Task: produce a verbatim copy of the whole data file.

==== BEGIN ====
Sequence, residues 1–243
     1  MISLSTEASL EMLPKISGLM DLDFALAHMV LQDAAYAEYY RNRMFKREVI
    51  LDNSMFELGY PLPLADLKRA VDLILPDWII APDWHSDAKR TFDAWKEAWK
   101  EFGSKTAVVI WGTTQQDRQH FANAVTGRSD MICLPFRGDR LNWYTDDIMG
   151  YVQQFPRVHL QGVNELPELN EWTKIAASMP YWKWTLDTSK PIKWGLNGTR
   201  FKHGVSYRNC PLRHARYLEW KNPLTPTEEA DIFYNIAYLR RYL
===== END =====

Sequence, residues 1–243
     1  MISLSTEASL EMLPKISGLM DLDFALAHMV LQDAAYAEYY RNRMFKREVI
    51  LDNSMFELGY PLPLADLKRA VDLILPDWII APDWHSDAKR TFDAWKEAWK
   101  EFGSKTAVVI WGTTQQDRQH FANAVTGRSD MICLPFRGDR LNWYTDDIMG
   151  YVQQFPRVHL QGVNELPELN EWTKIAASMP YWKWTLDTSK PIKWGLNGTR
   201  FKHGVSYRNC PLRHARYLEW KNPLTPTEEA DIFYNIAYLR RYL